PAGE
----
Temple prepares for another top-ten opponent

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Scootie Randall will play a big factor Sunday against Kansas. (Photo: Mark Jordan)

Scootie Randall will play a big factor Sunday against Kansas. (Photo: Mark Jordan)

Andrew Koob (@AndrewKoob)

Almost a week after joining five other Division-I programs with 1,800 wins, the Temple Owls (10-2) will get a chance to go toe-to-toe with one such program on Sunday afternoon.

The Owls will travel to Allen Fieldhouse to take on the No. 6 Kansas Jayhawks (11-1) to take a shot at bringing down another top-ten team this season.

“They’re a great group of guys, very talented, their coaching staff is great and the atmosphere is amazing and that’s what they drive off of,” Temple forward Scootie Randall said before the Owls practiced on Friday. “We just have to keep those guys out of transition and we just have to go in there and play ball. They’re really tough on both ends of the floor and you see they’ve been winning games by out-toughing their opponent.”

Kansas comes into Sunday’s game are shooting 50.4 percent from the field, 10th best in the country, while only allowing their opponents to shoot 34.7 percent, which is the fifth-best mark. On top of that, the Jayhawks are scoring 78.4 points per game, the 26th-best mark in the nation, and allowing 59 points per game, 40th best in the nation. The scoring and shooting difference have Temple coach Fran Dunphy impressed with Sunday’s opponent.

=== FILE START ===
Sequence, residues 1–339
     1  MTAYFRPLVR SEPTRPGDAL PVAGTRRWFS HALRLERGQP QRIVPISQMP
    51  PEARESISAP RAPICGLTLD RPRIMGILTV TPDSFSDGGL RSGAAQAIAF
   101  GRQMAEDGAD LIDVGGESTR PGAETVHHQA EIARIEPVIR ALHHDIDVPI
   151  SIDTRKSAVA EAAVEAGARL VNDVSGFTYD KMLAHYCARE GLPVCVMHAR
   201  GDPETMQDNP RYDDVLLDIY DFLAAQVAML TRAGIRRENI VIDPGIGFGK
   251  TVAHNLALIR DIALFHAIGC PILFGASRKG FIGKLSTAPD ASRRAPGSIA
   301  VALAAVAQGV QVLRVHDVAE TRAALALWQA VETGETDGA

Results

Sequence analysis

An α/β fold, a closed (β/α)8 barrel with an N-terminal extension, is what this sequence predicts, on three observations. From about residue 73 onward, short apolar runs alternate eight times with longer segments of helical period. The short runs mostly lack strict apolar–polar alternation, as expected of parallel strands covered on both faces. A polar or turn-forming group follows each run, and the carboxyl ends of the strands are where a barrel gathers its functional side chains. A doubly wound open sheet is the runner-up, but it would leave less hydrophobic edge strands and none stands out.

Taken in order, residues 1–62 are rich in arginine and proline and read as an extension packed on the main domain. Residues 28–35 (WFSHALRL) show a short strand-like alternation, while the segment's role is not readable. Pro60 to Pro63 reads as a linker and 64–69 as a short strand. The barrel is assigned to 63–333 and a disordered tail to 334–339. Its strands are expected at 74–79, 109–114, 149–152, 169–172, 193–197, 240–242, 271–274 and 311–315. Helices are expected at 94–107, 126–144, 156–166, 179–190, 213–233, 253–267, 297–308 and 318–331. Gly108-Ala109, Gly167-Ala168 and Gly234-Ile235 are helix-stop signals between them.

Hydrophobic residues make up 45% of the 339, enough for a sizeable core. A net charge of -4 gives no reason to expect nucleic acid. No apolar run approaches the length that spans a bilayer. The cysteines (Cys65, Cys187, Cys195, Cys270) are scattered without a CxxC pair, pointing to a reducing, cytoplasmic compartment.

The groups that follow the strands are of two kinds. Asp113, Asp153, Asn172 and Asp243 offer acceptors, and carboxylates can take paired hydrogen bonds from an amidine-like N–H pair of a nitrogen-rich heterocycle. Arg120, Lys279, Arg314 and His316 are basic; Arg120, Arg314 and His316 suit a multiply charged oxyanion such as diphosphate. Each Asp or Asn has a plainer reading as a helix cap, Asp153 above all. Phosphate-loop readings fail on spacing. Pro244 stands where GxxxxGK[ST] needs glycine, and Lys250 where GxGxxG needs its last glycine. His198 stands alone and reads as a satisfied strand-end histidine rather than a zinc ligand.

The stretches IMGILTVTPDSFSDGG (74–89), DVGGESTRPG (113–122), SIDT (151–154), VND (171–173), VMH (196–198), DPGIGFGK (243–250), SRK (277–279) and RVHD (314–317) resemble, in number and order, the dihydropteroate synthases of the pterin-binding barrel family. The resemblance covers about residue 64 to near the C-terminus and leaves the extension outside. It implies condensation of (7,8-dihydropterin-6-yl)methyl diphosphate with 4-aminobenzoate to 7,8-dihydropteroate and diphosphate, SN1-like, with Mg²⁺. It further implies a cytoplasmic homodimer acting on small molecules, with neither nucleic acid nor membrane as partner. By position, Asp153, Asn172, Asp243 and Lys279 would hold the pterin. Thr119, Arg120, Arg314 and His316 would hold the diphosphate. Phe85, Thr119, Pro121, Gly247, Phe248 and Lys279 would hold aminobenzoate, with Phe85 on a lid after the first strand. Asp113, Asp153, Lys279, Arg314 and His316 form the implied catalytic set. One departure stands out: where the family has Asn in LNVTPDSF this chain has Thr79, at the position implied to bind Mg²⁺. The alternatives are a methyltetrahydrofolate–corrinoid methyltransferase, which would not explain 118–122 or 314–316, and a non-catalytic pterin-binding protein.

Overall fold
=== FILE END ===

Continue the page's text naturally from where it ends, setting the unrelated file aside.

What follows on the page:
“There’s no weakness, is what I see,” Dunphy said. “The fact that they shoot the ball at such a high percentage and they defend it at such a low percentage, that’s a big gap. I don’t know if we’ve faced anybody with that kind of gap this year. It’s an extraordinary team that can go on these runs, we’re really going to have to manage our offensive game in order to prevent those runs from happening.”

In comparison, Duke is shooting 48.4 percent from the field (20th best) and allowing 38.8 percent from the opposition (54th best), while Syracuse has shot 46.5 percent (48th best) and allowed their opponents to shoot 35.3 percent (10th best).

“They’ve got some great size, but they’ve also have some great perimeter defenders and athletic guys, so it’s going to be about being patient, managing the game, taking what the defense gives us,” Owls guard Khalif Wyatt said. “We definitely want to play inside-out, but it’s going to be about who can go in there and who can get loose balls and who can make free throws down the stretch. Just have to manage the game and make sure we’re good.”

In both games against Duke and Syracuse, Temple found itself in a hole. While they couldn’t mount a comeback at the Izod Center against the Blue Devils, the Owls dug themselves out, thanks to forward Jake O’Brien, against Syracuse in toppling the then-No. 3 Orange. Temple guard T.J. DiLeo believes that, if the Owls find themselves down again, they can’t panic if they want to pull out the victory.

T.J. DiLeo is defended by guard Duke's Quinn Cook (Photo: Mark Jordan)

T.J. DiLeo is defended by guard Duke’s Quinn Cook (Photo: Mark Jordan)